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How bad is it really to have missing logs?


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On 3/16/2021 at 5:37 PM, Parttime_Pilot_Blake said:

I've found a reasonable Mooney for sale that has 0 logs for the last 20 years. I have beautiful logs 1989 - 2001. 

Here's what I know:

  • No NTSB reports for the aircraft for incidents
  • I have in hand all the FAA records you can purchase, nothing scary there
  • I know I'll need to re-certify every single AD since 2001
  • I have in-hand engine major overhaul paperwork  in 2014 and complied AD's for the engine installed
  • I have proof the current engine time is 80 hours. 

Once I have redone all the outstanding AD's have those in a new log book and rebuild the pieces that I can will that improve the value of the aircraft or should I offer the seller 1/2 the value of an equivalent Mooney for not having all the logs? 

Back in 2011 when I was thinking about getting back into a Mooney I was looking at a one owner 231 that had sat a long time (the owner had died). I made an airline trip to go look at it before I put it under contract/pre-buy inspection. It was in annual status, but after looking over the logbooks, the same mechanic had done the annuals and looking over the airplane it was pretty obvious they were logbook-only annuals. In putting a pencil to it I was having a hard time coming up with a price that I could justify paying knowing that it needed a tank re-seal, had an original panel, run-out engine/prop, worse paint than the pictures showed and a tired interior. I finally realized that if I got it for $0 i would have more into it by the time I was done than a presentable, well-maintained 231. I flew back on the airlines and the person who bought it a couple months later had a gear collapse on landing on the flight home and it totaled the airplane.

Sometimes not buying turns out to be the best decision on some airplanes. With very few exceptions there aren't any "deals" out there. There are sellers looking for first-time buyers looking to get some "experience" in buying airplanes.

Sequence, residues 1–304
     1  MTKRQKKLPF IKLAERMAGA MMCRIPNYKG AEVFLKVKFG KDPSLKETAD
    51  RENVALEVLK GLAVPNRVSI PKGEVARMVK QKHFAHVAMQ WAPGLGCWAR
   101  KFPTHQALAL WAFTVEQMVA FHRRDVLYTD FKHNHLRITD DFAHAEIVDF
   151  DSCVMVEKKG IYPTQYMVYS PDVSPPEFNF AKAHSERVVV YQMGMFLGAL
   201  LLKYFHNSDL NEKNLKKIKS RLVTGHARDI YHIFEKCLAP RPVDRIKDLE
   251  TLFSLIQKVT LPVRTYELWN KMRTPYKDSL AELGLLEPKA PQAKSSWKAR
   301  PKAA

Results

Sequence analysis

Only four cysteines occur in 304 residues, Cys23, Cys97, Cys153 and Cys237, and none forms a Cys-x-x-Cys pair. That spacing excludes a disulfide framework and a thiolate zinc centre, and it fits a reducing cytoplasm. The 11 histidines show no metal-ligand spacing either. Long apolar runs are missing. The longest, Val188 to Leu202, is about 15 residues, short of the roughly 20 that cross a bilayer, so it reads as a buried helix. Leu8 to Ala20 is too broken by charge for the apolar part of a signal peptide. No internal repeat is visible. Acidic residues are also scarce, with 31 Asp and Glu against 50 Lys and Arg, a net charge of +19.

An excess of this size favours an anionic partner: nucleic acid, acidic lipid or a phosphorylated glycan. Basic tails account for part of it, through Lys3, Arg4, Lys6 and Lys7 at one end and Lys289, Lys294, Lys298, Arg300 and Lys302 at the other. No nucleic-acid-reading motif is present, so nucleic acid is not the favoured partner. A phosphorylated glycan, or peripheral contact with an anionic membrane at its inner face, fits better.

"When a man with a little money meets a man with a little experience, the two shall exchange, The man with the money ends up with the experience. The man with the experience ends up the money."

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16 hours ago, LANCECASPER said:

Back in 2011 when I was thinking about getting back into a Mooney I was looking at a one owner 231 that had sat a long time (the owner had died). ....looking over the logbooks, the same mechanic had done the annuals and looking over the airplane it was pretty obvious they were logbook-only annuals. ... having a hard time coming up with a price that I could justify paying knowing that it needed a tank re-seal, had an original panel, run-out engine/prop, worse paint than the pictures showed and a tired interior. I finally realized that if I got it for $0 i would have more into it by the time I was done than a presentable, well-maintained 231. I flew back on the airlines and the person who bought it a couple months later had a gear collapse on landing on the flight home and it totaled the airplane.

..... There are sellers looking for first-time buyers looking to get some "experience" in buying airplanes.

"When a man with a little money meets a man with a little experience, the two shall exchange, The man with the money ends up with the experience. The man with the experience ends up the money."

Wait a minute...I believe the "man with little experience" ended up with both experience and got his money back.   He made one insurance payment and then totaled the plane.  The pics and logs look great per your description so the insurance company likely paid out what you would consider to be an inflated "full value" to the "man with little experience".  The guy makes one payment and gets everything he invested back...perhaps more depending on "market value" and the terms of the policy.  Sweeeeeet.

So who "lost their money" to the "experienced man"?  You and me...in higher insurance premiums.  For all we know the "man without experience" may have "gotten wise" and never bought another plane....and never paid another premium into the risk pool to make up for his windfall.

 

Edited by 1980Mooney
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